Matt O'Neill. Denver artist Matt O'Neill is the subject of the most significant exhibit of his career, Matt O'Neill: Thrift Store Sublime, at the Colorado Springs Fine Arts Center. As the title suggests, O'Neill likes to reconcile lowbrow aesthetics with highbrow ideas. Over the years, he has embraced a number of styles, and this show features several stylistic phases arranged in a loose sequence. The artist's best-known series is made up of takes on old yearbook photos that have been pushed through a surrealist sieve. In these paintings, the sitters have had their facial features moved around à la Picasso. Next are representational paintings, which reveal that the artist is tremendously adept at traditional picture-making — even if he does have his tongue in his cheek, as in the giant portrait of a tiny Chihuahua. The most recent paintings are pure abstractions — some of which riff on geometric abstraction, others on abstract expressionism. Finally, there's a wall covered with O'Neill's faux wood-shop doodles done in inks that ape the look of ballpoint drawings. Through July 13 at the Colorado Springs Fine Arts Center, 30 West Dale Street, Colorado Springs, 719-634-5583, csfineartscenter.org.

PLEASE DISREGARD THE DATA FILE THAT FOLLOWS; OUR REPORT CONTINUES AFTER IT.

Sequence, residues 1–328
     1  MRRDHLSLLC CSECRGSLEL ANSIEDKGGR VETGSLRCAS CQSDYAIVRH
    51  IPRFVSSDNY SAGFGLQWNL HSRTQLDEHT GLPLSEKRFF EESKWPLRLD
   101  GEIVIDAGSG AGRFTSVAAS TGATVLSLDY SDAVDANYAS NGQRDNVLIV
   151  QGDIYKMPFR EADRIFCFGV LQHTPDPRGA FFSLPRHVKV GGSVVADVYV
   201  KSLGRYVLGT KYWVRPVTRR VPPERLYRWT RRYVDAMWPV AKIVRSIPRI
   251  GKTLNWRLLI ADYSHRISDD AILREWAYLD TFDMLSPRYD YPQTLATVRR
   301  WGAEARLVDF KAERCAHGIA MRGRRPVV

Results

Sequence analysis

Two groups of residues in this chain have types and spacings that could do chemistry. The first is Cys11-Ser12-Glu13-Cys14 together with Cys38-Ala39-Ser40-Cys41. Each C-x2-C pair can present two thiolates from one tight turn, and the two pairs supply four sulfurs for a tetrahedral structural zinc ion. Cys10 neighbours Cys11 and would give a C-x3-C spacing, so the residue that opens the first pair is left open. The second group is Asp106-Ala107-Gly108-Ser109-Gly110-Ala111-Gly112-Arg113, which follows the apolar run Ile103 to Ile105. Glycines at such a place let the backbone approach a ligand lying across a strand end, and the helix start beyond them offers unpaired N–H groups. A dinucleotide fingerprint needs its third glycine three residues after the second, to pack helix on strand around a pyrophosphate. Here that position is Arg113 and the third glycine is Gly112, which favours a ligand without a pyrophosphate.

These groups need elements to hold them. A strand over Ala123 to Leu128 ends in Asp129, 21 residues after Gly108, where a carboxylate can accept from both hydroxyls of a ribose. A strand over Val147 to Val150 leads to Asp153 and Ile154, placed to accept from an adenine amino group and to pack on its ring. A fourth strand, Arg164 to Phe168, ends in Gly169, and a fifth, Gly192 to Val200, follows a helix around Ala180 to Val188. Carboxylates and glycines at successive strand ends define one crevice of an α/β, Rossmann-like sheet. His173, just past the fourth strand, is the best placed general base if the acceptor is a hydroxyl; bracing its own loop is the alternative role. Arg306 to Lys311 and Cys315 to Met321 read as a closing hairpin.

Modern Masters. The blockbuster formula continues to work at the Denver Art Museum — as is evident in the out-of-this-world Modern Masters: 20th Century Icons From the Albright-Knox Gallery. A traveling show, the Denver version was curated by Dean Sobel, director of the Clyfford Still Museum. (Sobel also did a companion exhibit there that can be seen with the same admission ticket.) The selections begin with the giants of post-impressionism — there's a Gauguin that will stop you in your tracks — and run up to the masters of minimalism and pop art. Truly, the strength of the collection is in abstract expressionism, with some of the greatest masterpieces of that movement on view, including major signature examples by the likes of Gorky, Pollock, Motherwell, Rothko and Still, among others. Visionary collectors and curators at the Albright-Knox were able to assemble such a trove of riches by often buying the pieces when they were still new and thus still affordable. These are some of the most important works of art to have ever been shown in Colorado. Do not miss this show. Through June 8 at the Denver Art Museum, 100 West 14th Avenue Parkway, 720-865-5000, denverartmuseum.org. Reviewed April 10.